Who we are
Drawing on her knowledge and experience of raising six children with a range of additional learning needs Karen is actively involved with a number of peer led groups within the local community. Motivated by the desire to support families facing similar challenges she is a trustee with Swansea Autism Movement as well as an admin for the peer led support group Joining The Dots.
Following on from personal experience of accessing services Karen has become a keen co-producer and has been involved with Swansea Co-production Network since 2017. Within the Swansea context she sits on the Learning Disability Co-production Strategy Group for adult services and the citizen led Swansea Vale Development Group contributing to the design and delivery of services for adults with disabilities. More broadly Karen contributes to the citizen forum and social value forum within the West Glamorgan Regional Partnership Board.
Realising the value of her experience has given Karen the confidence to take on new and exciting opportunities. In addition to becoming a parent governor at her children’s school she has also become involved in shaping Wales’ first Poverty Truth Commission in Swansea. Being passionate about improving the quality of people’s lives that require support Karen was pleased to sit as a juror for Measuring The Mountains first citizen jury and contributing to the recommendations for Welsh Government last year. This led to her accepting a fantastic opportunity to co-chair the national Study Expert Reference Group for the official evaluation of the impact of the Social Services and Well-being Act Wales.
Jodi is a married mum to one child who has ASD. As well as being a parent carer, Jodi has been employed in domiciliary care, working with vulnerable adults aged 18+ for the last 3 years.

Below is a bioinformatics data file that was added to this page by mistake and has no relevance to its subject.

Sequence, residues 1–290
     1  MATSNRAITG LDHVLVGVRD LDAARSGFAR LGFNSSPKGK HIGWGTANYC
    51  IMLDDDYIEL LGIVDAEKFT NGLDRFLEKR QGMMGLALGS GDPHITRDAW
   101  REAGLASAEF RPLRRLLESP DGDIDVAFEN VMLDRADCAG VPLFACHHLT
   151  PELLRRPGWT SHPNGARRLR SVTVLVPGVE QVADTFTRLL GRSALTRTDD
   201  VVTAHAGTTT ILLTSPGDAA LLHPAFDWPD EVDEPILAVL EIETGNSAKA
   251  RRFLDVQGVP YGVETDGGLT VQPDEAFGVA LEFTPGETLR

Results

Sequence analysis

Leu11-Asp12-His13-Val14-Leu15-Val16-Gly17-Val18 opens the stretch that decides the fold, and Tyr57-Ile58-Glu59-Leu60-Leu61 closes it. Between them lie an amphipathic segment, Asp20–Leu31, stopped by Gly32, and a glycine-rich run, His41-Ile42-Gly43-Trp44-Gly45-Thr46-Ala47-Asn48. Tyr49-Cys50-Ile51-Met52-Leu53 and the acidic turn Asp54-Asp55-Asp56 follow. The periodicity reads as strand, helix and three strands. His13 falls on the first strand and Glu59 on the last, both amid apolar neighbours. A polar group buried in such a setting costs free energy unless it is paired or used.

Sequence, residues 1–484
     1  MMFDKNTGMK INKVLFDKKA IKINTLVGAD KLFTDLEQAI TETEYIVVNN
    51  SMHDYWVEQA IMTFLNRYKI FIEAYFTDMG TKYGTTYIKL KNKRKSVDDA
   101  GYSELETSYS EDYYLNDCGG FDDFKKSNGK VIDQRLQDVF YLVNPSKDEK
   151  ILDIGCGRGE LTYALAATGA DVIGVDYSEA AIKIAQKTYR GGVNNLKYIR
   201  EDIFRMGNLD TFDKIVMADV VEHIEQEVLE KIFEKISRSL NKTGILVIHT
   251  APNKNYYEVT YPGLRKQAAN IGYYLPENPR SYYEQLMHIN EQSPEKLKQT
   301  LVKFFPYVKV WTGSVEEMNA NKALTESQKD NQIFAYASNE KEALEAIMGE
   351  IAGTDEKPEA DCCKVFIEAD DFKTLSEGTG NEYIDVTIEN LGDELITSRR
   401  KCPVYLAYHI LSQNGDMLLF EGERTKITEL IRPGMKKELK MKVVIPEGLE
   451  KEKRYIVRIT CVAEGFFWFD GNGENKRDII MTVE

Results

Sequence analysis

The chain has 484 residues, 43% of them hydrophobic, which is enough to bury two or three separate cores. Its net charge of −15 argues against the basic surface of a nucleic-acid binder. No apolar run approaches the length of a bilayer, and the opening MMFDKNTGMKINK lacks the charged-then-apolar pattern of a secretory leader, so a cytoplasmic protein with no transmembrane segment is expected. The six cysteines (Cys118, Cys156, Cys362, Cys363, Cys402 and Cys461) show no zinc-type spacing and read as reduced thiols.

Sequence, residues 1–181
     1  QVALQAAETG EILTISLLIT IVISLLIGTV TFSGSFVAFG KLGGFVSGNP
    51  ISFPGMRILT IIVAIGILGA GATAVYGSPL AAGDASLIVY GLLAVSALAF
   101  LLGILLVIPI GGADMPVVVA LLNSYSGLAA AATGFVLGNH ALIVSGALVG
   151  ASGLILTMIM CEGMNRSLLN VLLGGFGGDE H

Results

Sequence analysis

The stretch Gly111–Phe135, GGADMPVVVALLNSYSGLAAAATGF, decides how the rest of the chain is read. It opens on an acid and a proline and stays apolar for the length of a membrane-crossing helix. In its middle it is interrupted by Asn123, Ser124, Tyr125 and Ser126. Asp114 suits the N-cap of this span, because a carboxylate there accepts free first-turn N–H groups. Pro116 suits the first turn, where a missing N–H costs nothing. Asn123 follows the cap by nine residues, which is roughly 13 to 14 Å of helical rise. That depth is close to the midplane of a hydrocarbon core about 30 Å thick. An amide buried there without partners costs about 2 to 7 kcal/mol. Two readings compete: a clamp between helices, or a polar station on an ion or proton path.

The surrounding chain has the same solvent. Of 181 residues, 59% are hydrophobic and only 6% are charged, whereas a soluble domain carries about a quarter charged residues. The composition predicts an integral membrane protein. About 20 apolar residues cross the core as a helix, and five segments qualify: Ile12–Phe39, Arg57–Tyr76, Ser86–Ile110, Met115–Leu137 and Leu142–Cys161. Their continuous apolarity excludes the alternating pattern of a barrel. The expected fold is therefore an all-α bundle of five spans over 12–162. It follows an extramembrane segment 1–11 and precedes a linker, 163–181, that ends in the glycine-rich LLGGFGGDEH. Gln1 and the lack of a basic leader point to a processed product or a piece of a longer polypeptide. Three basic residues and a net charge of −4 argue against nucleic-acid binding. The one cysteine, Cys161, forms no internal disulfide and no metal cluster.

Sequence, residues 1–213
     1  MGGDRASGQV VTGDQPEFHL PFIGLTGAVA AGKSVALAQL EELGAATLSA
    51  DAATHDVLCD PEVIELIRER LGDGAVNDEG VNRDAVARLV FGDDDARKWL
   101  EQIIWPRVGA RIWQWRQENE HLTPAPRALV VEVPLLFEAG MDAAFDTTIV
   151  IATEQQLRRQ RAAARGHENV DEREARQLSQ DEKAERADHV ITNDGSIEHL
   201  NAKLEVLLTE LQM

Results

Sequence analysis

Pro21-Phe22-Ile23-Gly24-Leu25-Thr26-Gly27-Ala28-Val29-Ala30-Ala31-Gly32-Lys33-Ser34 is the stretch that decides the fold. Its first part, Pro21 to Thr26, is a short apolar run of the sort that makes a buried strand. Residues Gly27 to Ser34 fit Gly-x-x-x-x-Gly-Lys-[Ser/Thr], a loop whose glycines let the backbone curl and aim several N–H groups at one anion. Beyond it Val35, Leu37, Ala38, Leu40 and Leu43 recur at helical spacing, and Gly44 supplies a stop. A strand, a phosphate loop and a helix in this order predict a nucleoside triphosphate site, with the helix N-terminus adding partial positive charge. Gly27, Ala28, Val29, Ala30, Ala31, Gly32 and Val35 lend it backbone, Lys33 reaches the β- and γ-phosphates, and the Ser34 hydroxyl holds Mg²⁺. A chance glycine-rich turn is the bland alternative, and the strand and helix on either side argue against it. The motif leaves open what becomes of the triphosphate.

Prior to her current employment, Jodi was a serving soldier for 13 years. During her military career she was based in England, Northern Ireland and Germany. When Jodi left the armed forces she decided to move back to Swansea to provide stability for her then 2 year old son, while her husband continues to serve in the army. Settling into civilian life was a struggle, even more so when Jodi was trying to seek support for her then undiagnosed son. This was a big eye opener for her as she realised how disorganised and chaotic systems are to access help and support or even find out basic information.
Having experienced difficulty with ASD pathways, education and mental health services for her child, she is keen to help shape services to work more effectively for disabled children and their parent carers.
Ishbel is a single Parent Carer to her 6 year old son who was born with complex special needs. She has been his advocate since his birth, co-ordinating his health and well-being requirements with health, education and social services. Ishbel firmly believes that no-one will ever know your child as well as you do.
Ishbel would like to be able to share some of her experience and knowledge with parents who find themselves feeling daunted by what they have to deal with to ensure the best for their child. Her background is in business and during her time as a company Director, she regularly dealt with both the public and private sectors and hopes that some of this practical experience can be put to good use for the benefit of Swansea PCF and its members.
Parent to two adopted children, both with additional needs (ASD, ADHD, dyslexia, dyscalculia, speech disorder, life-threatening allergies). Chris spent 30 years in senior management positions in the public sector. He now spends most of his time with his family, sharing the parent carer responsibilities with his wife. Chris is also a Governor at his son’s primary school. He brings great organisation skill, and experience in facilitation, relationship management, health & safety, business continuity, people management, and finance. Chris is particularly interested in Additional Learning Needs, and ensuring children with needs (whatever they may be) are supported appropriately. Chris wants to help the Swansea Parent Carer Forum have a genuine voice and to work co-productively to improve services for young people.